Here’s the idea: Swiftly pass a repeal of President Barack Obama’s health care law, perhaps soon enough for Donald Trump to sign it the day he takes the presidential oath. Then approve legislation restructuring the nation’s huge and convoluted health care system—despite Republican divisions, Democratic opposition and millions of jittery constituents.
What could go wrong?
With Republicans controlling the White House and Congress in January, they’re faced with delivering on their long-time promise to repeal and replace “Obamacare.” Here are hurdles they’ll face:
Speed vs. Deliberation
Trump and congressional Republicans will be under intense pressure from their core conservative supporters to repeal Obama’s 2010 health care law—and fast. After all, Congress already sent Obama a repeal bill last January, which he vetoed, and many GOP voters will see no reason for delays this time.
But there probably won’t be anything fast about Congress’ effort to replace Obama’s law, which is likely to take many months.
While the replacement effort is underway, Republicans will risk aggravating up to 30 million people who are covered by the law or buy policies with prices affected by its insurance marketplace. Democrats will be sure to accuse the GOP of threatening the health care of millions.
Nothing’s been decided, but here’s one likely scenario:
The new Congress, which convenes Jan. 3, tries to quickly approve legislation repealing Obama’s health care law, maybe completing it by Trump’s Jan. 20 inauguration or soon after. But the repeal would not take effect until the future, perhaps a year later, to give lawmakers time to fashion a replacement. The version Obama vetoed had a two-year delay.
Seemingly acknowledging that two-step process, Vice President-elect Mike Pence said Sunday on Fox News Sunday that Trump “wants to focus out of the gate on repealing Obamacare and beginning the process of replacing Obamacare.”
Because Republicans will control the Senate by just 52-48, Congress will first have to approve special budget procedures to prevent Democrats from stopping repeal legislation by filibuster. Bill-killing filibusters require 60 votes to end.
But those special rules would apply only to items that affect the federal budget. Republicans, for example, would need a simple Senate majority to end IRS penalties against people who don’t buy insurance but would still need 60 votes—requiring Democratic support—for other changes such as raising limits on older people’s premiums.
House Budget Committee Chairman Tom Price, R-Ga., says that will restrain Republicans’ ability to ram a “lock, stock and barrel” repeal through Congress.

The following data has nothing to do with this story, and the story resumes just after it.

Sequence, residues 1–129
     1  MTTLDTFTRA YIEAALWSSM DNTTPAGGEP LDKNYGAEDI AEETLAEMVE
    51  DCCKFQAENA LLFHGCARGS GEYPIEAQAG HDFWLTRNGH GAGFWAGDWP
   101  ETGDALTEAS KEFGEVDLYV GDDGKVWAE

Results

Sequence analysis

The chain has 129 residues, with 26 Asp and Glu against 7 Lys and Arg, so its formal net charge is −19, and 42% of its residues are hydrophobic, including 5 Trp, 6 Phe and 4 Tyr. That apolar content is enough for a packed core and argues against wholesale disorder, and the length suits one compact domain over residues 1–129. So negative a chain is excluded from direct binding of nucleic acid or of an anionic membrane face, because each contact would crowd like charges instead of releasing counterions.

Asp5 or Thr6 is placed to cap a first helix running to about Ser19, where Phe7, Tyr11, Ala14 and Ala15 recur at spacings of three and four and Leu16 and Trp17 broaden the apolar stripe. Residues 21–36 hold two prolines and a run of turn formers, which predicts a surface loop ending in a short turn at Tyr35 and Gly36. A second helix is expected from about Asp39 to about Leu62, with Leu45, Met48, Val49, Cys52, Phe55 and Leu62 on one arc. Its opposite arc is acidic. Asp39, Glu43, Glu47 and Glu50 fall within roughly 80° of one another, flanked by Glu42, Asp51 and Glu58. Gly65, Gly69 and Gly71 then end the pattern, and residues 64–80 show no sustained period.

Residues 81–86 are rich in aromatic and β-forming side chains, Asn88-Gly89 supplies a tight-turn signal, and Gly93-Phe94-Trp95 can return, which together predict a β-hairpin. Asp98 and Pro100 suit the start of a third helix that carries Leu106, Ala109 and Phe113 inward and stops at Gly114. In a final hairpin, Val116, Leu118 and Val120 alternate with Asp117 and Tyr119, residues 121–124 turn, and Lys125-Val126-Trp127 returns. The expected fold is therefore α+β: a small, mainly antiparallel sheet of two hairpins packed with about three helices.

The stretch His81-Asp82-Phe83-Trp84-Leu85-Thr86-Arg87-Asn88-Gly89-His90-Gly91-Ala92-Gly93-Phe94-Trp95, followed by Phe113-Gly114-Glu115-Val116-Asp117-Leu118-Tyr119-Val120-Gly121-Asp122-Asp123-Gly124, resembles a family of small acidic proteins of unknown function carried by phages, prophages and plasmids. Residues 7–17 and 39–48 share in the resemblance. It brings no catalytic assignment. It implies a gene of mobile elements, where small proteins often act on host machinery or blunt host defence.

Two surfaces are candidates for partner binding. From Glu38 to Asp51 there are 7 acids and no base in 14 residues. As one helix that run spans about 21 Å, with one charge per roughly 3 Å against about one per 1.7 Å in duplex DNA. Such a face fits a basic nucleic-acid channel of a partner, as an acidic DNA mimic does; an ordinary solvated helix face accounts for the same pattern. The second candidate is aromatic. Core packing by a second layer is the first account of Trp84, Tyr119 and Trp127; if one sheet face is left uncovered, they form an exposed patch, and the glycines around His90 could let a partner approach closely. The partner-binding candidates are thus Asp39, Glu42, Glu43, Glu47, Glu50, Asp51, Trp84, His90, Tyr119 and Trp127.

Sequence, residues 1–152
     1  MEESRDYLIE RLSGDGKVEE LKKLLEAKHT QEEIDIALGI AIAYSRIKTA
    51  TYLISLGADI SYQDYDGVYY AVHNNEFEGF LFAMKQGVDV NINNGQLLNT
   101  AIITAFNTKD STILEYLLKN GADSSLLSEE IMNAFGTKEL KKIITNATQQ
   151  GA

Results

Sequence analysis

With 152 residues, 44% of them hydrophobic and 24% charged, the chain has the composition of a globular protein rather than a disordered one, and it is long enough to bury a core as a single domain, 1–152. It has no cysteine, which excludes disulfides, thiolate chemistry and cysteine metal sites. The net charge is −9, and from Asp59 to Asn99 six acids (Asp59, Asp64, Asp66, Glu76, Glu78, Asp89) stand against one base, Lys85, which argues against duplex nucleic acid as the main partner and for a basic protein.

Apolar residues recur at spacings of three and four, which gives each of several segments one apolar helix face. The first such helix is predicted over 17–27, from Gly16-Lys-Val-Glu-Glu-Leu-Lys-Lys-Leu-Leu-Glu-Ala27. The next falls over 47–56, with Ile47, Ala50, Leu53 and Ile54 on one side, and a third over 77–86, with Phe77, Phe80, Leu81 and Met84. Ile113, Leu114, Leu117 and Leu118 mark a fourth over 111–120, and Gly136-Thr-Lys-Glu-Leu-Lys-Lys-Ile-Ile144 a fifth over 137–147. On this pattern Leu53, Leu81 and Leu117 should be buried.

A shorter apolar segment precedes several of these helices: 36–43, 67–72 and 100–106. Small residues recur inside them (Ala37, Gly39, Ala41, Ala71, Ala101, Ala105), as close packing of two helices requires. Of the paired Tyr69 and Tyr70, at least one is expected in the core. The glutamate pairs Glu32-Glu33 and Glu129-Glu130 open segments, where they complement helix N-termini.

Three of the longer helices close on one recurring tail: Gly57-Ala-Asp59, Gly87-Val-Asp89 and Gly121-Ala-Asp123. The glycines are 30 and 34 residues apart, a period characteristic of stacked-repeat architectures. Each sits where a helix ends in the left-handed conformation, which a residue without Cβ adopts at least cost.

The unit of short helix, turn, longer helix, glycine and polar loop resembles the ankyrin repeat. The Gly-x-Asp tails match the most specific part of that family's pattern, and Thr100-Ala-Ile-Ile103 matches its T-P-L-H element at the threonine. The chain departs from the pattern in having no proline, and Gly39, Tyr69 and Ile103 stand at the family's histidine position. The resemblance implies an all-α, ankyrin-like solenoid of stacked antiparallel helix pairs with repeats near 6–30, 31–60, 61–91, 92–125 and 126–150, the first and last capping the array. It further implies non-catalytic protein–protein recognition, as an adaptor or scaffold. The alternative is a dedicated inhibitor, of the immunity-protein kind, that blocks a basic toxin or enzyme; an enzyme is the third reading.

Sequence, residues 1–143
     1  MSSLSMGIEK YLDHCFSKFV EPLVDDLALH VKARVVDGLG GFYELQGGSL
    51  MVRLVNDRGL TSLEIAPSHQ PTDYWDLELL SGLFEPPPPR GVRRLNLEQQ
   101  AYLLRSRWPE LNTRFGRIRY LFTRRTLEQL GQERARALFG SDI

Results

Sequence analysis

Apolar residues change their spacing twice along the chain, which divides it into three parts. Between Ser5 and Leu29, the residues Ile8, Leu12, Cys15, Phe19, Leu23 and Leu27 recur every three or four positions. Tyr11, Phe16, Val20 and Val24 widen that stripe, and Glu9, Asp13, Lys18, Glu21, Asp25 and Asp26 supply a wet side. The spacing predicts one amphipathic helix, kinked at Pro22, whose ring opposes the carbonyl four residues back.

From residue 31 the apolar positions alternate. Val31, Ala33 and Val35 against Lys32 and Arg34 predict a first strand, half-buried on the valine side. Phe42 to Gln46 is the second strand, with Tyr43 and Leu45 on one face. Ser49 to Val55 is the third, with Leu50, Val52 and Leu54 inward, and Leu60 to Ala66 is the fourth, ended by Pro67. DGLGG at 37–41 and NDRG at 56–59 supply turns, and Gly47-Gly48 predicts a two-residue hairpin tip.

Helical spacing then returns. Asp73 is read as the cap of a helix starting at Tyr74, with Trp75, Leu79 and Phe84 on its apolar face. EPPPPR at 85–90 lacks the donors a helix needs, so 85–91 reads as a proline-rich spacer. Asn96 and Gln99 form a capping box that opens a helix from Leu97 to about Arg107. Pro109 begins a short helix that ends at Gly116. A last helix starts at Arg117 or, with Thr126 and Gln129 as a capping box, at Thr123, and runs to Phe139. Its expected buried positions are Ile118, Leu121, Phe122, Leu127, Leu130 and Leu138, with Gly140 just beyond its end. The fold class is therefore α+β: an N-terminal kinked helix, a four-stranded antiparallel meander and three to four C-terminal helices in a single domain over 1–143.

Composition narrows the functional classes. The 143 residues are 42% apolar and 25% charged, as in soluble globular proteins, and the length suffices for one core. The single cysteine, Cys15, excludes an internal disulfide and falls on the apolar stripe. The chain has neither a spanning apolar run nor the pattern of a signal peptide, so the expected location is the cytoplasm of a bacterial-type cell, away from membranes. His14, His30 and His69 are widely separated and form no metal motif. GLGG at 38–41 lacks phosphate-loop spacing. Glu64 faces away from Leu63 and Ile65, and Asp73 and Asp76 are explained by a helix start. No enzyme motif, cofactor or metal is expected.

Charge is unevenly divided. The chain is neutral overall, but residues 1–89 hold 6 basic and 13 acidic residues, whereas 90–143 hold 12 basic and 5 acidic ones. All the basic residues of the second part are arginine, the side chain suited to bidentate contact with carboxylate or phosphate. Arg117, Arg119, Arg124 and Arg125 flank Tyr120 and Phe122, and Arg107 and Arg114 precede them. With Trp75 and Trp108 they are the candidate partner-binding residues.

One GOP danger: Congress and Trump might repeal Obama’s law, but while they’re laboring on a replacement, nervous insurance companies begin pulling out of markets and raising premiums. Insurers have been doing that under Obama, but now it would occur under a Republican government.
Another hazard: Congress’ work could spill into the 2018 campaign season, when the entire House and a third of the Senate face re-election. Republicans will grow increasingly timid about anything that might anger voters.
“We want to be the rescue party instead of the party that pushes millions of Americans who are hanging by the edge of their fingernails over the cliff,” says Sen. Lamar Alexander, R-Tenn., who chairs the Senate Health committee.
Virtually all Republicans want to get rid of the health law’s mandates that individuals buy coverage or risk IRS fines, and that large employers insure workers.
They also want to erase taxes on higher-earning people and the health care sector. And they’d like to retain parts of the law guaranteeing coverage for people with pre-existing medical problems and keeping children under age 26 on family plans.
Unifying Republicans much beyond that is a work in progress.
Trump’s health care views have varied and lack detail. His campaign website touts tax deductions for health insurance premiums and permitting policies to be sold across state lines. He’d also revamp Medicaid, which subsidizes health coverage for low-income people, directing fixed amounts of money to states and letting them structure benefits.
House Speaker Paul Ryan, R-Wis., last summer unveiled an outline of the House GOP’s solution, though it lacked cost estimates and details. It would provide tax credits, impose taxes on the most generous employer-provided health care plans, revamp Medicaid and let Medicare beneficiaries pick private plans instead of today’s fee-for-service coverage.
Senate Finance Committee Chairman Orrin Hatch, R-Utah, has also advanced a framework relying heavily on tax credits.
Thirty-one states—including Pence’s Indiana, where he is governor—plus the District of Columbia have expanded Medicaid coverage to 9 million additional people under Obama’s law. Curtailing that program will divide Republicans.
Taxing the value of some employer-provided health plans, aimed at curbing the growth of costs, is “a political land mine,” says GOP economist Douglas Holtz-Eakin. Republicans have long resisted tax increases.
Obama’s law mandates coverage for individuals because without that requirement many healthy people would forgo policies, driving up costs for everyone else and destabilizing insurance markets. Ryan has proposed shielding people from higher premiums if they’ve had “continuous coverage,” allowing higher rates for people who have not had policies, but Republicans have yet to decide how to keep insurance markets viable.